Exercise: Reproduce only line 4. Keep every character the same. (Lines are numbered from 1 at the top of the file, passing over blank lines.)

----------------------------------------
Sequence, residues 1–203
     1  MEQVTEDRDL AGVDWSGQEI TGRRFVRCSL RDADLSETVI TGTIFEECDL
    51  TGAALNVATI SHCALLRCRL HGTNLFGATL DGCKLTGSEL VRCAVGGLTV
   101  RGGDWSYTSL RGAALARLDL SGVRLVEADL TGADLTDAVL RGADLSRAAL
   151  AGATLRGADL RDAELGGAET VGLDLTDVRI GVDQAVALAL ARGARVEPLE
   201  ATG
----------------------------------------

   101  RGGDWSYTSL RGAALARLDL SGVRLVEADL TGADLTDAVL RGADLSRAAL